The one hundred US dollar bill, fondly known as the 'Benjamin,' remains universally accepted legal tender. More and more, the reason for such widespread acceptance relies more upon quantity – the number of Benjamin notes floating around – and not quality. (Of late, the US dollar has been a poor store of value against most currencies.)
At one time, any self respecting international gangster cherished the feel of large wads of one hundred dollar bills. No more.
The Chinese triad likely prefers the Yuan. Maybe even the Singapore dollar, exchange controls permitting. The Japanese Yakuza's loyalty stays with the Emperor and his Yen. Russian and East European organized crime syndicates probably prefer doing business in the Euro.
All is not yet lost for the US dollar. The Latin American drug kingpin and Mexican human trafficker still revel in Benjamin's glow. Moreover, gangsters in many Asian and African countries still yearn for the US dollar.
Organized crime syndicates may not be the only people shunning US dollars. Central bankers are also diversifying their reserves into other currencies.
The global move away from the US dollar is confirmed by the percentage of international reserves held in US dollars by central banks. The US dollar's share of reserves has been in steady decline for many years.
Thus, rating agency Standard and Poor's recent announcement placing the US credit rating on negative watch should not come as a surprise to many. Statistically, being added to the negative watch list implies that the odds of a US debt rating downgrade within the next three years are 33 percent.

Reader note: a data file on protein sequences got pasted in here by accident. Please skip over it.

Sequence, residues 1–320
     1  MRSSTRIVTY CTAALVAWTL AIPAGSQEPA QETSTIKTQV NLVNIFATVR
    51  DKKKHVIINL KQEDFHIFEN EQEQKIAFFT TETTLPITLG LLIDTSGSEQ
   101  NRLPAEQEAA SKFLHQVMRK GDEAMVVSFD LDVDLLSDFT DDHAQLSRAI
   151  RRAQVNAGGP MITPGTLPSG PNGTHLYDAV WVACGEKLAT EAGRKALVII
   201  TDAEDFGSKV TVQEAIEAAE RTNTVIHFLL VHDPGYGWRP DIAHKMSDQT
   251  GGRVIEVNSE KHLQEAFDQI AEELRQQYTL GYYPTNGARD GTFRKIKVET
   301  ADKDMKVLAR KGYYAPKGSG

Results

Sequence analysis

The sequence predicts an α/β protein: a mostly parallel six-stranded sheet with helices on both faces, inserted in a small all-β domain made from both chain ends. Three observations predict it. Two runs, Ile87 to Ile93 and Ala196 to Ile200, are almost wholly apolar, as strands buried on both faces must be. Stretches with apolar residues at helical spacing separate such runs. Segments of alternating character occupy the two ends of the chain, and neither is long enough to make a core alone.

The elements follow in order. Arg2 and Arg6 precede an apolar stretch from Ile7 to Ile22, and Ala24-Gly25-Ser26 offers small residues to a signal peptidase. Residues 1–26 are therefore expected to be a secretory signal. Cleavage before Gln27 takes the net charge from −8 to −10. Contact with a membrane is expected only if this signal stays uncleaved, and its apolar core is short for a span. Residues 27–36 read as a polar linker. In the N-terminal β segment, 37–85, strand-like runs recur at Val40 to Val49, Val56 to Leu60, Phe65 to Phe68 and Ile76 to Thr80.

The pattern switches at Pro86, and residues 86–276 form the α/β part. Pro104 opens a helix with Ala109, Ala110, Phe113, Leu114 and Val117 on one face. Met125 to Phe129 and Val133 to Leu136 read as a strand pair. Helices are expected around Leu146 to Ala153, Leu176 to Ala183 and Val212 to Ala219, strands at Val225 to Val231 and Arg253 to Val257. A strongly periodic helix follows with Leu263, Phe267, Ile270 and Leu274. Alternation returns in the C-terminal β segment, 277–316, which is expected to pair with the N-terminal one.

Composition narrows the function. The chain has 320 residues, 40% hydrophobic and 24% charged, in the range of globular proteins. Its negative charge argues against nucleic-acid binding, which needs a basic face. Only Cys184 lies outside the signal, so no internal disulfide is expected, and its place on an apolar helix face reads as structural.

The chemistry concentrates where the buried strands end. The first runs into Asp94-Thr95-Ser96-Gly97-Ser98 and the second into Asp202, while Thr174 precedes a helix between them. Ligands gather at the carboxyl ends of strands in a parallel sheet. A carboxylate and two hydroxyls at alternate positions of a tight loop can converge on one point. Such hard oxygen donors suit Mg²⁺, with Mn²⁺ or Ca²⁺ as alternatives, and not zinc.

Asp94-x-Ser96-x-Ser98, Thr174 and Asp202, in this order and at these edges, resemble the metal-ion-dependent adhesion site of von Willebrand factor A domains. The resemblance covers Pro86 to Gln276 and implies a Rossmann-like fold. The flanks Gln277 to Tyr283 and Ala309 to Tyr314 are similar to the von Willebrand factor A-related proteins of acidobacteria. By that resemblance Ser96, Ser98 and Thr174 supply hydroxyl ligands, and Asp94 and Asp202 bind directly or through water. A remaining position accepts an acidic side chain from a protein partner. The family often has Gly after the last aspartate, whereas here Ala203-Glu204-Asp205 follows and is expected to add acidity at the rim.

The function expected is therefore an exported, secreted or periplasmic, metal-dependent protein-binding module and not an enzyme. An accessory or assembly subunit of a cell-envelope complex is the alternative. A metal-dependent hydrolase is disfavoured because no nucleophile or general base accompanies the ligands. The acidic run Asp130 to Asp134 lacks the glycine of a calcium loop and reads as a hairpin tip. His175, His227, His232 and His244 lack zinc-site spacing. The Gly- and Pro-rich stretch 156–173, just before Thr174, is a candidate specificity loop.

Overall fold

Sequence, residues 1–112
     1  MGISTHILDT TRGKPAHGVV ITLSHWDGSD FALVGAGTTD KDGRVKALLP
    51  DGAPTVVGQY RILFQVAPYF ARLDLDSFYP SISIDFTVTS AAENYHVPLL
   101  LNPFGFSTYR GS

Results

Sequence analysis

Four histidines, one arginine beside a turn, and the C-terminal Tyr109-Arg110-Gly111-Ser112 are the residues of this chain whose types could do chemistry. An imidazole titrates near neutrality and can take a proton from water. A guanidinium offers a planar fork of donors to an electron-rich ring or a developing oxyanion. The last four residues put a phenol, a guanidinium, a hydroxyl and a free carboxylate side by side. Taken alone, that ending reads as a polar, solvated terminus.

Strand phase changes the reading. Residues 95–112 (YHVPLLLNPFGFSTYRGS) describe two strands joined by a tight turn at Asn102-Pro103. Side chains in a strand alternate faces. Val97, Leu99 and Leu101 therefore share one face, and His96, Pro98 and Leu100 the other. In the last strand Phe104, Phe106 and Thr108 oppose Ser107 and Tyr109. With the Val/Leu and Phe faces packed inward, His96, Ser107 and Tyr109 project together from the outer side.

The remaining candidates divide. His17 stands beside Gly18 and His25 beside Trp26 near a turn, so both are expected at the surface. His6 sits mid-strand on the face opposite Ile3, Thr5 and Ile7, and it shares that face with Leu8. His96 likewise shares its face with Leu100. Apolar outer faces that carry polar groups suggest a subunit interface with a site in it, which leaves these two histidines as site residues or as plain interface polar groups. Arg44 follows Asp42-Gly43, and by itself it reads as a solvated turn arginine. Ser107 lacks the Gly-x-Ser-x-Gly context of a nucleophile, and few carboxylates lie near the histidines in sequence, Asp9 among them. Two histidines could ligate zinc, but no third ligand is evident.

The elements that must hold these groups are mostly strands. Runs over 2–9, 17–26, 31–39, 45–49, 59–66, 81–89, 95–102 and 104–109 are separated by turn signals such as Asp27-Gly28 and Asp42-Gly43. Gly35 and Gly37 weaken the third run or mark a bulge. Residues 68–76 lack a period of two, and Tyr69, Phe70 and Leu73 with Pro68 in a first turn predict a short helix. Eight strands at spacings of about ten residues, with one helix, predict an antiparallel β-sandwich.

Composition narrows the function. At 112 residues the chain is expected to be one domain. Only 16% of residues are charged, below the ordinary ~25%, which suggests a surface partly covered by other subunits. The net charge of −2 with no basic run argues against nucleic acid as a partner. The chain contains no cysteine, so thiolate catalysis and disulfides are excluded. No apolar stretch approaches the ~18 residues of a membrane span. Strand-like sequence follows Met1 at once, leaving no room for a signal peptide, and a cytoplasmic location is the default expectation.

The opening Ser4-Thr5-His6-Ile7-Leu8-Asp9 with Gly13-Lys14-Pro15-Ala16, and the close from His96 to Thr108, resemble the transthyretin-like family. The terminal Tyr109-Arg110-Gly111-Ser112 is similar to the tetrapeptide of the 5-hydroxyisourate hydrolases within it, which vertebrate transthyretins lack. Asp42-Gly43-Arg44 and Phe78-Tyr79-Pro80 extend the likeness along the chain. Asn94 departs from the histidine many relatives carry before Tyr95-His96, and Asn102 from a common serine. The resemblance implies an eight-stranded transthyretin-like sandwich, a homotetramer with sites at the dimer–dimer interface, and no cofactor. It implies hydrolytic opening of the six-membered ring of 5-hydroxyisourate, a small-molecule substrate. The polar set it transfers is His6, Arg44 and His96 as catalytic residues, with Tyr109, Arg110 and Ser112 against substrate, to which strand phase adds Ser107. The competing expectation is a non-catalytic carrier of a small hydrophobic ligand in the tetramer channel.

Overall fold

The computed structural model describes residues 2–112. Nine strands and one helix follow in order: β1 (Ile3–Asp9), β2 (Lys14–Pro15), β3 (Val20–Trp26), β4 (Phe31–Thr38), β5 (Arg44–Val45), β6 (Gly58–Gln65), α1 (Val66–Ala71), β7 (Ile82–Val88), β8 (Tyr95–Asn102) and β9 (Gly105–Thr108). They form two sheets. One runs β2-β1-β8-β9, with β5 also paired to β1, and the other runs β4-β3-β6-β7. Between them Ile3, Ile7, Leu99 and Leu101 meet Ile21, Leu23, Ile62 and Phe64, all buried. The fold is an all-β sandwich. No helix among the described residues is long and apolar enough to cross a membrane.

Two major wars and an 'out of control' financial sector have taken a toll on the US economy. Not even the world's sole superpower can afford overseas military deployments measured in decades.
International military adventurism costs money.
Unfortunately for the US, China (as America's lead banker) seems to have run out of patience with the world's biggest debtor nation. China is no longer willing to write blank checks. Consequently, China is cutting back on its ongoing US Treasury bill purchases.
Fortunately for the US, there are few credible alternatives to the US dollar.
Nevertheless, China is trying hard to elicit other options. The country is buying 'real' assets in any country such assets are available. Even gold and other precious metals have regained respectability among central bankers.
Importantly, the People's Bank of China is making slow but steady progress in 'internationalizing' the Yuan; moving towards one elegant solution to China's foreign exchange reserves dilemma: gaining seigniorage for the Renminbi.
The United States is still the world's sole superpower. America's operating flexibilities, soft and hard power, are superior to any other nation in the world. That is a fact.
Nonetheless, America's role as the exclusive lead actor on the international stage is nearing its final act. The country's unwillingness (or is it inability?) to decisively affect events in Libya is clear evidence of America's declining global influence.
Some years ago, America's politicians would not have shied away from another overseas military engagement, especially if the conflict could be couched in the rhetoric surrounding the global war on terror. In 2011, there is little appetite to expand America's 'greatness and idealism.'
American financial, military and psychological energies have been sapped by internal problems. Surely, all nations have the ability to revitalize themselves over time. The US is no exception. None should write off the US as a global power.
Nevertheless, there is a transformation of roles occurring on the world's stage. Soon, the US will not be eligible for 'Best Lead Actor' nominations, but merely for the 'Best Supporting Actor.' The 'Lead Actor' position must be shared with an ancient civilization comprised of young dragons.
Over time, the US must learn to share the global spotlight.